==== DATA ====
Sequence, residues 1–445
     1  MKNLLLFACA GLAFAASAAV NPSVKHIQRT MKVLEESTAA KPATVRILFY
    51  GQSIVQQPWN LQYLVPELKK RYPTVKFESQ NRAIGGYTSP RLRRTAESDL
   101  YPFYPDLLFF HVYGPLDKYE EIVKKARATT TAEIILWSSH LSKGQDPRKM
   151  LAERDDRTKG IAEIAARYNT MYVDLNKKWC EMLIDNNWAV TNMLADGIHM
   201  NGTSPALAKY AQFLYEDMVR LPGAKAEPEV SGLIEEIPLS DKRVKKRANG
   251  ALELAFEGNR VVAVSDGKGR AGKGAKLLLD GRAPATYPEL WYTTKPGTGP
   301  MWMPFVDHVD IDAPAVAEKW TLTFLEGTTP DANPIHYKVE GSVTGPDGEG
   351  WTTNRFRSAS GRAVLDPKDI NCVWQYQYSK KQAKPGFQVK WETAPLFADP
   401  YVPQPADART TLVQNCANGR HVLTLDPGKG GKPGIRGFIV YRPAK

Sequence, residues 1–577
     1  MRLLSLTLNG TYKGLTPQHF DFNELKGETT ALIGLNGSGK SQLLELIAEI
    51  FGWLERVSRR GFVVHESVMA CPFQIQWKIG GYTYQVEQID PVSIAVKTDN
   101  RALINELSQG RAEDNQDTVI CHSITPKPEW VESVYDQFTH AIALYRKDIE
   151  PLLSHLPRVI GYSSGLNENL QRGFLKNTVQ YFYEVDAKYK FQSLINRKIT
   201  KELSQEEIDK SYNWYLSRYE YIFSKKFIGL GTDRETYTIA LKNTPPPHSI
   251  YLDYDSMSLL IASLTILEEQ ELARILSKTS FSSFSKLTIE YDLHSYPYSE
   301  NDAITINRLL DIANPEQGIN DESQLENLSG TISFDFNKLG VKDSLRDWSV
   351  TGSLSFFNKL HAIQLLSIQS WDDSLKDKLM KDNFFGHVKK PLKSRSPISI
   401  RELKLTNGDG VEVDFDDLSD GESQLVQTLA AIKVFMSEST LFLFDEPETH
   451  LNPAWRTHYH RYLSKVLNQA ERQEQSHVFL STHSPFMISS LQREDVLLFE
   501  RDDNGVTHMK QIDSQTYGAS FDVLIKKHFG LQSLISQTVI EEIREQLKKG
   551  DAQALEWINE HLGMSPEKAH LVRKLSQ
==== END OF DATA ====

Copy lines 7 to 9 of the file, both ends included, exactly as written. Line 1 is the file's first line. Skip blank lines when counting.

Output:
   251  ALELAFEGNR VVAVSDGKGR AGKGAKLLLD GRAPATYPEL WYTTKPGTGP
   301  MWMPFVDHVD IDAPAVAEKW TLTFLEGTTP DANPIHYKVE GSVTGPDGEG
   351  WTTNRFRSAS GRAVLDPKDI NCVWQYQYSK KQAKPGFQVK WETAPLFADP